11

Northrop F-89C Scorpion

                                                      

Ground Control tracked the Scorpion and the unidentified object as two “blips” on the radar screen. The two blips on the radar screen grew closer and closer, until they merge into one radar return.  Assuming that Moncla had flown either under or over the target, Ground Control thought that the Scorpion and the object would again appear as two separate blips Rather, the single blip disappeared from the radar screen, then there was no return at all.  Attempts were made to contact Moncla via radio, but this was unsuccessful. A search and rescue operation was quickly mounted, but failed to find a trace of the plane or the pilots.

Some wags claim that the Scorpion was captured by a Unknown Flying Object (UFO).

 

16 March 1962.  Lockheed L-1049. Super Constellation.  Flying Tiger Line, Charter Flight 739:

Lockheed Super Constellation

Lockheed L-1049. Super Constellation

This U.S. military flight departed Anderson Air Force Base, Guam, bound for Air Force Base, Clark Field in the Republic of the Philippines.  On board were approximately 96 passengers and eleven crew members.  Flight 739 disappeared over the Western Pacific without a trace.  The pilots did not broadcast a distress radio call. If they used visual identification methods, such as flares or markers they were not seen.   The U.S. Civil Aeronautics board ruled that it was “unable to determine the probable cause of the incident.”  All 107 souls were declared missing and presumed dead.

FIN

 

 

 

 

 

 

 

 

 

 

 

Other Missing Flights

Malaysia Flight 370 has been missing for 41 days.  Best deductions from all data indicates that Flight 370’s Boeing 777 aircraft is at the bottom of the Indian Ocean about 1,200 nautical miles  west of Perth, Down Under.  It’s black-box is dead—no longer transmitting locating pings.  Experts in the field speculate that it may years or perhaps never that they’ll find this aircraft.

Missing Malaysia Flight 370 is not unique.  Over the years there have been a number of well-publicized missing flight that have not been found.  Let’s review six.

 

  1. On 8 May 1927, Charles Jules Nungesser, a French World War One flying Ace and his wartime comrade François Coli, took off from Paris in their PL-8 biplane, the’Oiseau Blanc (The White Bird), in an attempt to fly non-stop to New York.

1

 

Several people in Ireland spotted them flying overhead.  They disappeared without a trace.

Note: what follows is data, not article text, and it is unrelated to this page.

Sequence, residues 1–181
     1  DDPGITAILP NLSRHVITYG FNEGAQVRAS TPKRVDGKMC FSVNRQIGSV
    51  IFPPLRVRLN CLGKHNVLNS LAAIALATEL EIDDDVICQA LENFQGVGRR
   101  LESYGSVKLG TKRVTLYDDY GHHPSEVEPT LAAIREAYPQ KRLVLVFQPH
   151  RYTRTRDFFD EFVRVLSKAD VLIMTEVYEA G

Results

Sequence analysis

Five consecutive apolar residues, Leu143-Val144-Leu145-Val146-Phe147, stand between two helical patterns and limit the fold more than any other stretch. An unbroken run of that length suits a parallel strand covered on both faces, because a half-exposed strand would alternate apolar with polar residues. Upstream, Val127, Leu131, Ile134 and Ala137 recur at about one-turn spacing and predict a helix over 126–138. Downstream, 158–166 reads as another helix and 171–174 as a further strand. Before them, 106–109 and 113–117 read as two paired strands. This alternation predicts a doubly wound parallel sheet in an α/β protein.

2. On 1 July 1937, Aviatrix Amelia Earhart and her navigator, Fred Noonan, in her Lockheed Electra model 10E, departed Lae, New Guinea, headed for Howland Island, some 2,300 miles to the east.

2

 

This was to be the next to the last leg of her around the world flight across the equator.  Her goal was to land at Oakland, California on 4 July amid a gigantic celebration engineered by her husband, George Putnam. She tried to communicate with her short-range radio with her guide ship, the Coast Guard Cutter, USGS Itasca, stationed offshore Howland.  Unfortunately, radiomen on Itasca could not communicate effectively with her because she was unskilled in the radio procedures required.  Speculation is that she crashed into the Pacific some 200/300 nautical miles northwest of Howland.  No trace of her, Newman, or the Electra has been found.  Nonetheless, to this day, searchers are looking for a positive evidence of her remains and for the parts of the Electra—members of the TIGHAR organization have centered their search on Gardner Island, now Nikumaroro in the in the Republic of Kiribati—about 400 nautical miles southeast of Howland.

 

  1. At 0608 hours, on 29 July 1938, Pan American World Airways, Martin M-130 flying boat, the Hawaii Clipper. lifted off the placid waters of Apra Harbor, Guam, headed for Manila—about 1,400 nautical miles west. Onboard were six passenger and nine crewmembers.

 

3

Pan American World Airways, “Hawaii Clipper”

 

The aircraft’s radioman transmitted his position was at noon.  The flight was routine: altitude is 9,100 feet, ground speed is 112 knots, scattered rain, and cumulus clouds with tops at 9,200 feet.   Nothing else was heard from the flight.  No trace of aircraft was ever found–no bodies, no wreckage, no oil slick, nothing.

 

  1. On 14 December 1944, the famous big-band leader Captain Glenn Miller, US Army and his pilot disappeared over the English Cannel. They were on a flight from Royal Air Force Base Twinwood Farm in Claphan to Paris in an Army Air Corps utility aircraft. Noorduyn UC64.

 

4

Noorduyn UC64

 

No trace of Miller, pilot or aircraft has ever been found. Miller’s status is “missing in action.”  The army awarded him posthumously the Bronze Star.

 

  1. The “Lost Patrol.” On a bright, sunny day at 1410 hours, 5 December, 1945, five Grumman TBM Avenger torpedo bombers, with 14 crew members, lifted off from the Naval Air Station, Fort Lauderdale, Florida on a routine patrol off the Atlantic coast.

 

5

Grumman TBMs

 

About an hour later, the tower heard the flight leader say, “We seem to be off course.”  Then they heard, “We cannot be sure where we are.  Repeat: cannot see land.”  Later. “We can’t find West.  Everything is wrong.  Everything looks strange.”  Finally, the last transmission was, “We’re completely Lost.”  This was the last transmission from Flight 19.

The Operations Officer orders a Martin PBM Marnier flying boat to launch and search for the missing Flight 19.  On board were 13 men.   Ten minutes later the PBM radio checks with the tower.